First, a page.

I very rarely have the occasion to hand out my business card, so of course I didn’t have any on me at TEDxGR. Even if I’d had them, they wouldn’t have had the contact information I wanted to give to most of the people I met. I felt like I was there more to represent the various user groups with which I’m involved, rather than my workplace. Next time I’ll have special business cards made up with my personal contact information (name, email, web site, qrcode) and group contact info on the back. I can then circle the group I’m pimping to a particular person and hand the card to him or her.
Many of my nerdier friends think that business cards are being replaced by electronic versions. In some ways they are. However, in this case exchanging cards is much faster than fumbling for a smartphone or tablet and typing in a bunch of info on the spot. Go with physical cards – they’re easier and quicker.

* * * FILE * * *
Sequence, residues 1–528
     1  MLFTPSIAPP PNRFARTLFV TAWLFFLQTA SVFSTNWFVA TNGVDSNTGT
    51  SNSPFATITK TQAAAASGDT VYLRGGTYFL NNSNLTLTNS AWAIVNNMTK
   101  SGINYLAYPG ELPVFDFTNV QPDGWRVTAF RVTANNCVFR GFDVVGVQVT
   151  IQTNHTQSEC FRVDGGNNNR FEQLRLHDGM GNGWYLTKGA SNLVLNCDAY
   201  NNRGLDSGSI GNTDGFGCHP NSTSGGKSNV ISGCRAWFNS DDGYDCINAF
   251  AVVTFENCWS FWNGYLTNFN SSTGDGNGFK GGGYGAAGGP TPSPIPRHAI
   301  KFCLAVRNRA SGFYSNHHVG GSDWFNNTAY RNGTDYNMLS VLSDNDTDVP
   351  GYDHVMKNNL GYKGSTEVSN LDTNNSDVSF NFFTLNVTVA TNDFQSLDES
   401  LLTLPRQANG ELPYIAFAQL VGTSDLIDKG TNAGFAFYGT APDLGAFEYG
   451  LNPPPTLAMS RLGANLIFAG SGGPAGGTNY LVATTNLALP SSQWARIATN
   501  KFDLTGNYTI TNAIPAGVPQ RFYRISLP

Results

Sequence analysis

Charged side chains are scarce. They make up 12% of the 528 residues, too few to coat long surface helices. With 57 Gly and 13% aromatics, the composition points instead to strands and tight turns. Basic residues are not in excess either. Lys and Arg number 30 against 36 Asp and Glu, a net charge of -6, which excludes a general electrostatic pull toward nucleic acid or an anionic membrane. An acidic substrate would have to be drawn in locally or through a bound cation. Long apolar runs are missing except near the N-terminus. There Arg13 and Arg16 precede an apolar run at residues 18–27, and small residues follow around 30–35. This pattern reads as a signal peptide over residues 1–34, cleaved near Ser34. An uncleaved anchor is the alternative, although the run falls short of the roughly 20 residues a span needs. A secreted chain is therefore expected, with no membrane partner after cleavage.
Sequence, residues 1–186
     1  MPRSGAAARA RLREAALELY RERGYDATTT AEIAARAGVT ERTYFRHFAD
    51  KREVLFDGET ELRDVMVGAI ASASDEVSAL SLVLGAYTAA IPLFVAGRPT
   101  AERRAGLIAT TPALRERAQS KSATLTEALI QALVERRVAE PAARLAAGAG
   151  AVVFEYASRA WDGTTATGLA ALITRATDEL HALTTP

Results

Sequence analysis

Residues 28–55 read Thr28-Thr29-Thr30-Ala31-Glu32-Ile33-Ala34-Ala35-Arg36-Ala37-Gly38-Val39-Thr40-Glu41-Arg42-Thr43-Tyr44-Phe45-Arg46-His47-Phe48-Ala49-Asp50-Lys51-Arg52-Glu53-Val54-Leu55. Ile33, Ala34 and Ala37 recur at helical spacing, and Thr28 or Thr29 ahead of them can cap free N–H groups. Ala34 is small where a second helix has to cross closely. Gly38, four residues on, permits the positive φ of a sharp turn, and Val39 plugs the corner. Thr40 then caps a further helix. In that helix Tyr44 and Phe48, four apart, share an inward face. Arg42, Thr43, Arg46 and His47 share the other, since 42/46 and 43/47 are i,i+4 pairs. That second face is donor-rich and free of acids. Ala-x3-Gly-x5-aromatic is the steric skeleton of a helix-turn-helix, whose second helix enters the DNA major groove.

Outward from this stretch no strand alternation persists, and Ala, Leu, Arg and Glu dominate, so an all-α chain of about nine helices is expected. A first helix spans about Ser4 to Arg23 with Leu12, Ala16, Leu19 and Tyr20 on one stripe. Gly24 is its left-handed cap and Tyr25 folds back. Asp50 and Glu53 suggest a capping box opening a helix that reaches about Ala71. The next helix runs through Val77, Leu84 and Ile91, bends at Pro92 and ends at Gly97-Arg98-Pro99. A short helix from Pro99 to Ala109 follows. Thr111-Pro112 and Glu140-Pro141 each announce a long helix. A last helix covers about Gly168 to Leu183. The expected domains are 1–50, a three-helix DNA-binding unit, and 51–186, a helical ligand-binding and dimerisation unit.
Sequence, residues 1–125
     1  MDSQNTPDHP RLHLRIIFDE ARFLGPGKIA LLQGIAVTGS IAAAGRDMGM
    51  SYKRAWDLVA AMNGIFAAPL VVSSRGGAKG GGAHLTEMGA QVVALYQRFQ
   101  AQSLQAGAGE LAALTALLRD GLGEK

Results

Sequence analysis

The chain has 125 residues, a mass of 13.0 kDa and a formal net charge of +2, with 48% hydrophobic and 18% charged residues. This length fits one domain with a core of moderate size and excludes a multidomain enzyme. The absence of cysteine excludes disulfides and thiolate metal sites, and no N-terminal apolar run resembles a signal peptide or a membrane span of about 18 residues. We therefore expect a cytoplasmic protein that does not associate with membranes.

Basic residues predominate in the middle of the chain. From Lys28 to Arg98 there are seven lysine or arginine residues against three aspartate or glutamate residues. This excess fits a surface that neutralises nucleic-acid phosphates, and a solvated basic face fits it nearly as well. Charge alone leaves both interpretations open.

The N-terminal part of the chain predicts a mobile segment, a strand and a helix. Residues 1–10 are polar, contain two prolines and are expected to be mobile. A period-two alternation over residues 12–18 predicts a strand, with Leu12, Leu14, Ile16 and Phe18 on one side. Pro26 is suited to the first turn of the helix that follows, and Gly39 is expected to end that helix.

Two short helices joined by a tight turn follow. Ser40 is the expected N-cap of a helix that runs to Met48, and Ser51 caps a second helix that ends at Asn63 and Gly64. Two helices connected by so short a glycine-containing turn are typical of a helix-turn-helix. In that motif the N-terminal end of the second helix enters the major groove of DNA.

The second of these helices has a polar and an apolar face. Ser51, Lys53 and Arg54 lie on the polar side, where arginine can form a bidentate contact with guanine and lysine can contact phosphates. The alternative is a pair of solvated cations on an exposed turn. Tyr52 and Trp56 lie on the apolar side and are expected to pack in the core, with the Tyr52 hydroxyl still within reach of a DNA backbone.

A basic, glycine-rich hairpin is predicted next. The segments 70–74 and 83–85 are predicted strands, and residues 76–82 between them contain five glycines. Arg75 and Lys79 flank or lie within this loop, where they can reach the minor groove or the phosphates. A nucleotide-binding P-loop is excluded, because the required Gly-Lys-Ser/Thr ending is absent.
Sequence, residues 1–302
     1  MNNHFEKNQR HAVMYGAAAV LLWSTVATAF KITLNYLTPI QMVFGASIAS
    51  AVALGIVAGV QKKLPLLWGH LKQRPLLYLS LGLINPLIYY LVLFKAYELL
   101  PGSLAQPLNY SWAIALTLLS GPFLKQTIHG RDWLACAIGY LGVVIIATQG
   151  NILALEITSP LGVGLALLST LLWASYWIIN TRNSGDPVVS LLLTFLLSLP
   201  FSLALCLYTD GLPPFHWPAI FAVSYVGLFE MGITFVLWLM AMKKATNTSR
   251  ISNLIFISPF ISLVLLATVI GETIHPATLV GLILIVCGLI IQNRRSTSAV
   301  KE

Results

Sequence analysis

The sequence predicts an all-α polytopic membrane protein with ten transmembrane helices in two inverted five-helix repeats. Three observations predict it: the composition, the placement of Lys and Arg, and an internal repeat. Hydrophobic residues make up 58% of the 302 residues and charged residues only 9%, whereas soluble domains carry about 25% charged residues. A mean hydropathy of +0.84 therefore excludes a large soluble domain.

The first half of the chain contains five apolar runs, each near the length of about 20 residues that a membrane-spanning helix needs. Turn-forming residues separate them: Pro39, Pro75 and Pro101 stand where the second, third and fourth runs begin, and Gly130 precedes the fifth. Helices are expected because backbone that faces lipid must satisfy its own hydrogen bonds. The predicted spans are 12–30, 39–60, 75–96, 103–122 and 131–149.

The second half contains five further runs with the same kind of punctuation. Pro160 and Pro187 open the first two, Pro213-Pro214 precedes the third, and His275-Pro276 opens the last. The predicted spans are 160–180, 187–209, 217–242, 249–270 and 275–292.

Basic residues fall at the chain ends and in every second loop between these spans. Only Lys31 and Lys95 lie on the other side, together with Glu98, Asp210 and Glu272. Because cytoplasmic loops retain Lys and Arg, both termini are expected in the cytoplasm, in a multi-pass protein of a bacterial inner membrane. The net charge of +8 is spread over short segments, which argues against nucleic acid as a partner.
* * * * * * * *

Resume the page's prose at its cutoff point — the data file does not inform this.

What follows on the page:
As a tech and gadget geek, I was inclined to rely on my Android phone and Evernote to take notes during the presentations. Although some people had Internet connection problems, I was not one of them (thanks, Verizon!). However I really didn’t take any notes on my Droid. When sitting in the lower section of the theater, they asked us not to use “laptops and tablets” because the lights would distract other attendees and the speakers. Even when I moved up to the electronics-allowed balcony, I didn’t use it because typing on a smartphone is really slow. Also having Twitter and email blinking at me took too much of my attention away from the action on stage. Knowing that the presentations were being recorded, I stopped worrying about taking notes and just paid attention. It would’ve been nice to jot a few things down as they came to me. Hopefully they’ll come to me again when I re-watch the talks online.